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United States Department of Agriculture

Agricultural Research Service

Related Topics

Research Project: Enhancing Biological Control to Stabilize Western Orchard IPM Systems

Location: Fruit and Vegetable Insect Research

2011 Annual Report


1a.Objectives (from AD-416)
The overall objective is to improve the sustainability of apple, pear, and walnut cropping systems in the western U.S., by developing knowledge and tools that would allow growers to take full advantage of biological control in their orchards.


1b.Approach (from AD-416)
• Objective 1: Evaluate the sublethal effects of newer pesticides on key natural enemies in laboratory assays, and in apple, pear, and walnut orchards • Objective 2: Characterize the phenology of key natural enemies using banding studies in the fall and orchard sampling during the spring and summer • Objective 3: Evaluate semiochemicals as a method of monitoring natural enemy presence, abundance, and phenology; assess effectiveness of this tool in evaluating the effects of inseticides on natural enemies; and compare sampling efficacy of these products to results of sampling done using beating trays • Objective 4: Develop methods in gut contents analysis to monitor predation of codling moth by generalist natural enemies, and confirm gut contents results using video monitoring.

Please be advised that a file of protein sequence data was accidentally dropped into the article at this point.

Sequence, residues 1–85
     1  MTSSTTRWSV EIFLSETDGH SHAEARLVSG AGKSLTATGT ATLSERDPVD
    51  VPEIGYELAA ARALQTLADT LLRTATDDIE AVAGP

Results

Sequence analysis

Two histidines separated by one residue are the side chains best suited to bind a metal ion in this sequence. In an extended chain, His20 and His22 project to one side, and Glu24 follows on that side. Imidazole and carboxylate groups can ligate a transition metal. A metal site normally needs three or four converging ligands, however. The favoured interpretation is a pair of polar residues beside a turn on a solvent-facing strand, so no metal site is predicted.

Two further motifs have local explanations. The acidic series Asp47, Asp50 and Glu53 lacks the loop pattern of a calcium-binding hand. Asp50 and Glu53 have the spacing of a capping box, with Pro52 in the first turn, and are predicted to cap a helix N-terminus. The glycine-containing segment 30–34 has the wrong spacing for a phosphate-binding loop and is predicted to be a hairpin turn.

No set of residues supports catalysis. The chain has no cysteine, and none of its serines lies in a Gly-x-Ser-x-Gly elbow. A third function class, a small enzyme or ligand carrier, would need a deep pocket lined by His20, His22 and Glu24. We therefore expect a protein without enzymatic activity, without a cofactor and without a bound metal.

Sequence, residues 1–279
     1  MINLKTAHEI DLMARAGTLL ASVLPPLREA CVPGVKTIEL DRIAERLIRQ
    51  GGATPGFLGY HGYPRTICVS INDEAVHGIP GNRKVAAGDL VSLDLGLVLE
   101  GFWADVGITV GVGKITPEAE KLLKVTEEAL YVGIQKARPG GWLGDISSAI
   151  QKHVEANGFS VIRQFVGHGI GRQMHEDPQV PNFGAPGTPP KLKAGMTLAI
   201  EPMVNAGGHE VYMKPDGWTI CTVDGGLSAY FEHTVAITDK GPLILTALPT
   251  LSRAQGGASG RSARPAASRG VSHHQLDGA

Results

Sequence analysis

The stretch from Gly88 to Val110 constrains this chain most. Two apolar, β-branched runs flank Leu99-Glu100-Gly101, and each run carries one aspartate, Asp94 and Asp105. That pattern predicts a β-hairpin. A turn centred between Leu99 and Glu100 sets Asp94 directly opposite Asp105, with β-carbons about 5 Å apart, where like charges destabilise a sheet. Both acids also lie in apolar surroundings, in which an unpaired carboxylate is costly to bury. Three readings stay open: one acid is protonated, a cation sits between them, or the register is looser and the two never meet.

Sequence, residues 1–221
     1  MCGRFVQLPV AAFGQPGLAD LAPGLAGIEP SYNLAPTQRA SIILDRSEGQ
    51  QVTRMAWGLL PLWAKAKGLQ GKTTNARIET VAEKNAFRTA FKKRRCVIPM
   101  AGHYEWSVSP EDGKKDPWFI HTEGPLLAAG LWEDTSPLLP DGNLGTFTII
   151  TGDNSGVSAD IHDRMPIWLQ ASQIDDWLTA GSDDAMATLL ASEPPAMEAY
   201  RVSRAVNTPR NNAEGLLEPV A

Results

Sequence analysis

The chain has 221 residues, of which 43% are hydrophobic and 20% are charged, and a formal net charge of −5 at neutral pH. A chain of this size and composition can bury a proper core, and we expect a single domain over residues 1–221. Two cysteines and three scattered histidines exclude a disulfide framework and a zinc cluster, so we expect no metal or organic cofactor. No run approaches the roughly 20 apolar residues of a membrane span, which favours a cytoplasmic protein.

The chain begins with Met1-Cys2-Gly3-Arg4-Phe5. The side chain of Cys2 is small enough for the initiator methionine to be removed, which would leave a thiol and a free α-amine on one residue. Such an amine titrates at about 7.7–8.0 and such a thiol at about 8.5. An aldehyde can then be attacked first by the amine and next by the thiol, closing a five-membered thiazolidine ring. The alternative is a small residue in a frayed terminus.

3.Progress Report

This project is an extension of research on the management of insect pests of temperate tree fruits and addresses objective 4 of the related in-house project. This project relates to national program component NP 304 2A - Protection of Agricultural and Horticultural Crops, Biology and Ecology of Pests and Natural Enemies by identifying pesticides that may interfere with biologically-based control of pests in fruit crops. “Non-target effects of insecticides” Market forces and regulations have reduced the use of broad-spectrum insecticides in favor of those meant to be less harmful to human health and safer for beneficial insects and spiders. Reduction of beneficial predators in orchards can lead to secondary pest outbreaks that require additional insecticides to be used. Research by ARS entomologists at the Yakima Agricultural Research Laboratory with scientists at Washington State University, UC Berkeley and Oregon State University have identified three new insecticides used by growers that cause reduced survival of beneficial predatory spiders and insects predators. The information is being provided to growers so they can choose alternative control tactic.

Monitoring of activities and progress on this project was accomplished by direct supervision of on-site employees, and use of site visits, email and telephone to communicate with off-site collaborators.


Last Modified: 7/23/2014
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